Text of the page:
After a visit from Tilly Parker, Freya is beginning to feel like she’s finally found her home. And a surprise birthday treat makes Freya wonder – has love has been under her nose this whole time?

As the grand opening of the tea rooms arrives, the pressure is on – especially with greedy property developers sniffing around. Then a secret request poses a new challenge, but it might just be the answer to Freya’s prayers…

Appleby Farm is an irresistibly charming novel told in four parts – following the adventures of Freya Moorcroft in love, friendship and a spot of farming. Where The Heart Is is part three. It features some friendly faces who appeared in Cathy's bestselling series, Ivy Lane, but it can be read and enjoyed as a standalone story.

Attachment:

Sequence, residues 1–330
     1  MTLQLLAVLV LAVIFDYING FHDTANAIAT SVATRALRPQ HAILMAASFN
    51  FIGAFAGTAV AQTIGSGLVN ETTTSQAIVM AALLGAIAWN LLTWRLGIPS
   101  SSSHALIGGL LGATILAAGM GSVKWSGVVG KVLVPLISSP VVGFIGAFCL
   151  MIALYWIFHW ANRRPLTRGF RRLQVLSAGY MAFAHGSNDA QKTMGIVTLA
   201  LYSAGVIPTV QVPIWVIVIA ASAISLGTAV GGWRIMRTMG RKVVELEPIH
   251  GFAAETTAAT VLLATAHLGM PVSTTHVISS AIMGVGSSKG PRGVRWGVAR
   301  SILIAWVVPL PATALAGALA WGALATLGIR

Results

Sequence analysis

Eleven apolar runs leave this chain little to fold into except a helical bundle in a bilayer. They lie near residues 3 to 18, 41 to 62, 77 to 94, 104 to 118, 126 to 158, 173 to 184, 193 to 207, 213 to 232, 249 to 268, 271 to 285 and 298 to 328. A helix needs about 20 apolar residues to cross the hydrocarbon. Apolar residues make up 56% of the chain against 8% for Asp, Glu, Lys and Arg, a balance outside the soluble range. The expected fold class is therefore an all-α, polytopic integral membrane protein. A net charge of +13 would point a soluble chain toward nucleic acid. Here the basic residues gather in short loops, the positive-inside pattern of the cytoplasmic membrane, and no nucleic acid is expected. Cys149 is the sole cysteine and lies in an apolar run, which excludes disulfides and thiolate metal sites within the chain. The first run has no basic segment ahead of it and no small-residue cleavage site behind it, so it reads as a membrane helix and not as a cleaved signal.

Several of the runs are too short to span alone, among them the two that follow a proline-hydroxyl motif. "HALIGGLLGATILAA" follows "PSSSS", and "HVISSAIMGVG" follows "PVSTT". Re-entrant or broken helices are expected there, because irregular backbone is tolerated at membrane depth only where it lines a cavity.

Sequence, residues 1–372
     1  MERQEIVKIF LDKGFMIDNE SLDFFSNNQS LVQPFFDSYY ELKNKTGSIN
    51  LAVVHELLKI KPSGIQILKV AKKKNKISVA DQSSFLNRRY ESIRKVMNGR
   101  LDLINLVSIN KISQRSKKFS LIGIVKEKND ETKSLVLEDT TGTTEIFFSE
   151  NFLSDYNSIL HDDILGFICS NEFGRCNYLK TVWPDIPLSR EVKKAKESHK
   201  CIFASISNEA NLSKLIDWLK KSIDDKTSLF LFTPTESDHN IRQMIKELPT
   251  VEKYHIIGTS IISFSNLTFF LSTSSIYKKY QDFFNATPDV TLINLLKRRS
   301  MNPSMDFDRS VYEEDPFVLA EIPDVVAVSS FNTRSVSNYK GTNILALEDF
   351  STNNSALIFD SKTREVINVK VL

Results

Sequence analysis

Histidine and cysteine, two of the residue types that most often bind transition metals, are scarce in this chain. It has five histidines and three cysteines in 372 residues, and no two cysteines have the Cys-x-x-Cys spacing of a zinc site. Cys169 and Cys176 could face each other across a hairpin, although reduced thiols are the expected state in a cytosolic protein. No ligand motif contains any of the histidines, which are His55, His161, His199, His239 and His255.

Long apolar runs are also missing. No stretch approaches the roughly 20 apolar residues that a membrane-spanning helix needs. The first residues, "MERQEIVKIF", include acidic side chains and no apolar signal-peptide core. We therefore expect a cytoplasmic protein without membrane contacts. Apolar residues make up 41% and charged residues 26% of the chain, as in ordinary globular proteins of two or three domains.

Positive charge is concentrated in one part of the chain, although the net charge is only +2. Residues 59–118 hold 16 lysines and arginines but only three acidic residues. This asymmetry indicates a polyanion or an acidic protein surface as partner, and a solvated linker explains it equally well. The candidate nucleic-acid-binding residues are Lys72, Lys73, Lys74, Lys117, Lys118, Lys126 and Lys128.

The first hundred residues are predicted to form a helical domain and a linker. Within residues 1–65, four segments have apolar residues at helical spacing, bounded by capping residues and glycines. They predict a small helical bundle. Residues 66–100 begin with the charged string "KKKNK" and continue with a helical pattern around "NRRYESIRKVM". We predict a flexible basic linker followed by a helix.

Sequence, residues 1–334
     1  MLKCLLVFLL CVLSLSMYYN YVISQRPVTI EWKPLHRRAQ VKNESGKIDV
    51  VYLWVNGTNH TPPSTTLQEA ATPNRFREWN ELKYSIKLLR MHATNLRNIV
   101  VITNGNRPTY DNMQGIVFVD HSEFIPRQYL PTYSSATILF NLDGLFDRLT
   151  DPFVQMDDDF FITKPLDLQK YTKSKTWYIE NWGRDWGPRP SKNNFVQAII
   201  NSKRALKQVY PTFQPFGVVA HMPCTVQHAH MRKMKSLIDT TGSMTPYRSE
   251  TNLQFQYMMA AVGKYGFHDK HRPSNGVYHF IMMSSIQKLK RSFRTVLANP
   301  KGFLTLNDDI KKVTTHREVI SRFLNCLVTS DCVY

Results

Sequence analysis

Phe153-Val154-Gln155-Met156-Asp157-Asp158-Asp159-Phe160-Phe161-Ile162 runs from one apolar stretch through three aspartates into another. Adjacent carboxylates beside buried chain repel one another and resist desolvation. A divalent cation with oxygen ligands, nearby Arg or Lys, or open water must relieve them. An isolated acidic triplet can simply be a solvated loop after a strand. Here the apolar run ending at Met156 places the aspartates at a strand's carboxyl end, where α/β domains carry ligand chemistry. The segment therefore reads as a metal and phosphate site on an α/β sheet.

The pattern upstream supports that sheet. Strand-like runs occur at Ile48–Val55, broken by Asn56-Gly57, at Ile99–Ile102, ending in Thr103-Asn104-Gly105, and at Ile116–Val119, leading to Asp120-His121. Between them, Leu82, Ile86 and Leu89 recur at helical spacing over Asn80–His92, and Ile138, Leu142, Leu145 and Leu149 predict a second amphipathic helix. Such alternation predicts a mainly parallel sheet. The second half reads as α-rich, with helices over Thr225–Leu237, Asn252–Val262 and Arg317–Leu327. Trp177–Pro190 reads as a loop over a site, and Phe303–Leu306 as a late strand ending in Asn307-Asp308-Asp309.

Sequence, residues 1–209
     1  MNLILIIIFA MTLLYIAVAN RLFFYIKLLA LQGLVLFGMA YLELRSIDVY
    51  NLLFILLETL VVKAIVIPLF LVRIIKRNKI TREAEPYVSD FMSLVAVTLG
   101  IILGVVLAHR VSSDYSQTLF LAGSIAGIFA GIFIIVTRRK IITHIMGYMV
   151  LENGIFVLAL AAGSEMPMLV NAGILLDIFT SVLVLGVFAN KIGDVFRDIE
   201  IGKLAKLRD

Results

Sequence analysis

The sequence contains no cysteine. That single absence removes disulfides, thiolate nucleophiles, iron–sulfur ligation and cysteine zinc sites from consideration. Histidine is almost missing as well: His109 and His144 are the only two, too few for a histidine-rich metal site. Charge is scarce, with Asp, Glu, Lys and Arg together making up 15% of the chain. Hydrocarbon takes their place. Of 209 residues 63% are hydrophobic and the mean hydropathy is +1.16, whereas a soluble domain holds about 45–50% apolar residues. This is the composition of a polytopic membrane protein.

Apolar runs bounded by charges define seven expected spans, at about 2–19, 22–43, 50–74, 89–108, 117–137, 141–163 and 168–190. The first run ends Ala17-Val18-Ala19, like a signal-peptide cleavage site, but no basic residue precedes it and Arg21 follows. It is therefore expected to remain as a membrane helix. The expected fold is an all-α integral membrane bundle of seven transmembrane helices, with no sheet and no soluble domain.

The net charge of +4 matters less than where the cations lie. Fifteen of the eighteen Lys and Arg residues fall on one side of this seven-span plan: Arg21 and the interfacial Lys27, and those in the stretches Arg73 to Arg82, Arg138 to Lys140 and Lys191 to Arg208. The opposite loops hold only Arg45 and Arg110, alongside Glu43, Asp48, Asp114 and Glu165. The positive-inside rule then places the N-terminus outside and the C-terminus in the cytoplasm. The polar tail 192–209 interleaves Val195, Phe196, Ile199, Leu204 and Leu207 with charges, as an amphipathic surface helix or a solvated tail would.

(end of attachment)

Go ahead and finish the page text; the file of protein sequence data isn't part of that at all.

Each part of Appleby Farm contains 10 chapters.

As pleased as I was to see the third part of Appleby Farm drop into my Kindle, I was equally as dismayed as this is the penultimate part! I am loving this series by Cathy Bramley so very much, the thought of not visiting Freya and co again makes me want to rush off to the Lake District and take up farming.

Anyway, the third installment of Appleby Farm is equally as delightful as the previous two, Freya has found her feet in the world of farming, well, as much as she can in a short space of time, and the plans for the Appleby Farm Vintage Tearooms are coming along splendidly. Part three sees her renewed friendship with childhood friend, Harry, blossom and he proves an invaluable ally at just the right moment.

Freya's relationship with her parents also seems to be looking up, but unfortunately her unpleasant brother Julian makes his entrance in this installment and Freya now has her work cut out to keep Appleby Farm out of the hands of greedy property developers just as things are looking up.